livefromthenypl
But as anyone with the least knowledge of literature and writing—maybe art in general—will know, concealing what is shameful to you will never lead to anything of value. This is something I discovered later, when I was writing my first novel, when the parts that I was ashamed like a dog to have written were the same parts that my editor always pointed out, saying, This, this is really good! In a way, it was my shame-o-meter, the belief that the feeling of shame or guilt signified relevance, that finally made me write about myself, the most shameful act of all, trying to reach the innocence of the now burned diarist—self.
Karl Ove Knausgaard said in an interview with Jesse Barron for The Paris Review. They discuss memory, personal crisis, artistic shame, and how he would burn My Struggle if there were less copies. Make sure to check out our review. (via millionsmillions)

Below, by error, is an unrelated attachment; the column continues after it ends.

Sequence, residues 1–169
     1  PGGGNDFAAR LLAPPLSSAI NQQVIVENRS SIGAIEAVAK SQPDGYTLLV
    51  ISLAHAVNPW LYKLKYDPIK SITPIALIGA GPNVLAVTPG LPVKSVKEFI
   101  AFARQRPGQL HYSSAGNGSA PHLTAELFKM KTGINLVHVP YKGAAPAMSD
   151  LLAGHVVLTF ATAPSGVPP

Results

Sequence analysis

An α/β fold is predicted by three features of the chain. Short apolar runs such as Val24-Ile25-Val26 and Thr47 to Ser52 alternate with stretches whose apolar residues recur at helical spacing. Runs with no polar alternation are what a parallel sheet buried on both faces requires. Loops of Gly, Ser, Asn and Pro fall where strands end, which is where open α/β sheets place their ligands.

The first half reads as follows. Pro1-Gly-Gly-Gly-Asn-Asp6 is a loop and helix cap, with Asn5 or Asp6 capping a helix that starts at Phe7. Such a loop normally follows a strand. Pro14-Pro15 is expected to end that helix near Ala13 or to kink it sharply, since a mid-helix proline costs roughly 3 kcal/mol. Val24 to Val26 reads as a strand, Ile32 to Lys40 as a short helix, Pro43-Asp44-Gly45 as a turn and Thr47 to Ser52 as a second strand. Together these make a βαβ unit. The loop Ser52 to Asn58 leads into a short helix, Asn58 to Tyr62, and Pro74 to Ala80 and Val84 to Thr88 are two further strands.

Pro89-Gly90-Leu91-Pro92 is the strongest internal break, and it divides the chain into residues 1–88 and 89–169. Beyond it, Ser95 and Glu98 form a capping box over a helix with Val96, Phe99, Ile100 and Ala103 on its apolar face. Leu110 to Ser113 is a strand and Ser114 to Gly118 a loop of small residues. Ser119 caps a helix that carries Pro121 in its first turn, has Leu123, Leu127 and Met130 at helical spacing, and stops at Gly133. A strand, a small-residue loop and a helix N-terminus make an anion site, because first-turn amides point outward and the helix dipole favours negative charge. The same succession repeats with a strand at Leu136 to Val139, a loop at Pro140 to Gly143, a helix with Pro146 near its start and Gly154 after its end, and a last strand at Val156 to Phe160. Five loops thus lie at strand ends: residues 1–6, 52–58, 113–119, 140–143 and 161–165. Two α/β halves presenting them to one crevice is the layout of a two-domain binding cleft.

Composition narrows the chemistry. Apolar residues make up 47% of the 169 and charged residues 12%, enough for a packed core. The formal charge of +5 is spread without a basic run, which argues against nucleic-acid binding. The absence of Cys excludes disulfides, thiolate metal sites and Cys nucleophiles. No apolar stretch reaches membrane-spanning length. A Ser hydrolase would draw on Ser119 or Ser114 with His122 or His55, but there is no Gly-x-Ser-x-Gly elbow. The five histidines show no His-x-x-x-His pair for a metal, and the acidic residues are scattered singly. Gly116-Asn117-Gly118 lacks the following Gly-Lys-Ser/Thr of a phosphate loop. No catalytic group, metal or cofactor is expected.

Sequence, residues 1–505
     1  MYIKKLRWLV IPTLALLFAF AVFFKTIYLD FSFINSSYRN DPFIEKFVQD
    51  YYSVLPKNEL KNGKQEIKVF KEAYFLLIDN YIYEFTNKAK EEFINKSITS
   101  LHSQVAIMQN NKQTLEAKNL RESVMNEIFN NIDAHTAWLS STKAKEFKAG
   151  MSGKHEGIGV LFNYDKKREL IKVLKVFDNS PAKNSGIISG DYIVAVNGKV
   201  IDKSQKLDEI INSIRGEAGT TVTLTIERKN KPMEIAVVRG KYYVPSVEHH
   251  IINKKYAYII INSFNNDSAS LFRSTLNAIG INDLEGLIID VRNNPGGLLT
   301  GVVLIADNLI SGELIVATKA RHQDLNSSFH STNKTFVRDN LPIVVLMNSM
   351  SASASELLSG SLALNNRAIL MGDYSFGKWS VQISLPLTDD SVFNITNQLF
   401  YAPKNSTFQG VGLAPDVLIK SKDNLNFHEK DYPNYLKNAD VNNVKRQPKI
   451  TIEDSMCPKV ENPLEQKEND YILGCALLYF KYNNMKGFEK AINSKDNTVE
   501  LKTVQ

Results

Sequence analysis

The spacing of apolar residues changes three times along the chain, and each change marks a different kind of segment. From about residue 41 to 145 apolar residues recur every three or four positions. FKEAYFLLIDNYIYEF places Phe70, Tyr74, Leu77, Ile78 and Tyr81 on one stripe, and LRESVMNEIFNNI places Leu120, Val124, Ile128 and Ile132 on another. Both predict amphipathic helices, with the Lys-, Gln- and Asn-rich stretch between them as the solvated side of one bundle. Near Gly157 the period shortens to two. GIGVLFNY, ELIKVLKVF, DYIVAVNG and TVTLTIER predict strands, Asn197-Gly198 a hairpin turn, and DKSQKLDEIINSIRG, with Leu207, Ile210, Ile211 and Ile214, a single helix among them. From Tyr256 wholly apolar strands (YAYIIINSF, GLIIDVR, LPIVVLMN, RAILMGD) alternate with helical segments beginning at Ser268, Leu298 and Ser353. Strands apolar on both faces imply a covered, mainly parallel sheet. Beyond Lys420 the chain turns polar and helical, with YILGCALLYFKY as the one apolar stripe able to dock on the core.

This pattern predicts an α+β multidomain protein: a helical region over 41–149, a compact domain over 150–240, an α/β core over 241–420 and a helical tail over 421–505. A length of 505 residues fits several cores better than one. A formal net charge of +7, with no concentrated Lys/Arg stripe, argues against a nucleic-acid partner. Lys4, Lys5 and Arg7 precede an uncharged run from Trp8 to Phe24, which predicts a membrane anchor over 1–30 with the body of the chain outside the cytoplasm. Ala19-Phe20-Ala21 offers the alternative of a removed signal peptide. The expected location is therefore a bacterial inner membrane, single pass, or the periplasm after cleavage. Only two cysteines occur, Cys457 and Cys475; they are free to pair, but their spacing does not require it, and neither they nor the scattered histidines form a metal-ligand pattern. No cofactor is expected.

elliottholt
I look a little tough in my author’s photo, and I’ve been amazed at how many people—universities, magazines—ask me to send them a different photo, because they say I look aloof, unapproachable, tough, scary, and/or sad. I started asking male authors with tough-looking photos if they had ever gotten any grief about this and they said no, never. When it comes to the author’s photo, women are more likely to hear things like: “You don’t look as pretty as you could in your photo!” or “Why aren’t you smiling?” I, for one, would like to know what it is about an un-smiling woman that makes some people so fucking uncomfortable. Or why anyone would assume a woman’s foremost concern is prettiness.